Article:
World Markets Stumble into 2002

February 4, 2002 ( - World markets disappointed just about everyone in January.

The FTSE All World index fell by nearly 3% in US dollar terms, investors remaining concerned about corporate profits in the wake of the Enron debacle, and central banks’ decision to hold interest rates steady.

According to the index provider, the month’s worst performer was Argentina, which, after teetering on the brink of defaulting on its debt and eventually abandoning its currency peg, fell 27% in dollar terms.
At the other extreme, Pakistan was up 32%, boosted by lower interest rates, a stronger currency and supportive comments from the International Monetary fund. Indonesia increased by almost 24% on a more positive political outlook.

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Also in Asia, the Philippines’ market was up by 19% and Thailand by 18% buoyed by investors’ expectations that an export driven recovery is underway.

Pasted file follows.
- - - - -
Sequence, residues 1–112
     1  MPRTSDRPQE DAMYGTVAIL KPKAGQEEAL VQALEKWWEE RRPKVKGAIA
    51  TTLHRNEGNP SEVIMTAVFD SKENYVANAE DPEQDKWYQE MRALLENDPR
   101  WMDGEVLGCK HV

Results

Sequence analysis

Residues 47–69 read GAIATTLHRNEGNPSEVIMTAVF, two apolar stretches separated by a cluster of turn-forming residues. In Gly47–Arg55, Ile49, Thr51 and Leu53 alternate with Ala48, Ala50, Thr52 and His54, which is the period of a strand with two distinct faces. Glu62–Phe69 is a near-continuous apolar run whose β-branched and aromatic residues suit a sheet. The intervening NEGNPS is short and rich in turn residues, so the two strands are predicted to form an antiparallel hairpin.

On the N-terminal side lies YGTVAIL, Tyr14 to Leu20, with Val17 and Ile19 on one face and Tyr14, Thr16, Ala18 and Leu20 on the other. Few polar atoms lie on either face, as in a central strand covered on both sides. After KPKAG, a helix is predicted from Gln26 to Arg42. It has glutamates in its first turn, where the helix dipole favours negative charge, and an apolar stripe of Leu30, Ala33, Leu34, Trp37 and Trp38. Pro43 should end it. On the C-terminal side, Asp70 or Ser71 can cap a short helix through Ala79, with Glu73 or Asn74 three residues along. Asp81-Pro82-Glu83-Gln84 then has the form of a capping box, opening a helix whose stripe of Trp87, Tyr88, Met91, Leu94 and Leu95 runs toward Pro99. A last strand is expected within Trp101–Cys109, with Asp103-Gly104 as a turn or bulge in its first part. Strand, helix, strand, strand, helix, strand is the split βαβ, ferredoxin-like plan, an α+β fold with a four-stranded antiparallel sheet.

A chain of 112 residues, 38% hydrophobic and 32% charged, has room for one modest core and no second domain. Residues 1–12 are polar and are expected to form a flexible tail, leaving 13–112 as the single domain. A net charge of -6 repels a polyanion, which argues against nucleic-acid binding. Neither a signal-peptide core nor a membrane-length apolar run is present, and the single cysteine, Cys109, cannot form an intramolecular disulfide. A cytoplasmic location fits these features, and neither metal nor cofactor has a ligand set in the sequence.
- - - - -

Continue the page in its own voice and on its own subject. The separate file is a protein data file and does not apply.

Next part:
By sector, the world’s mining industry performed best, followed by tobacco stocks, resilient, thanks to its market’s inelastic demand, and aerospace and defense, boosted by the US’s current foreign policy.

Diversified Industrials lost 10.6% over the month, making it the worst performing industry sector, followed by the ever-volatile telecommunications sector, which lost 9.78%, as risk-appetite declined.

The month’s worst-performing stocks were Global Crossing and K-mart, which lost 100% and 72.71% following their Chapter 11 bankruptcy filings. UK telecom group Energis was the third worst performer, losing 69.84%.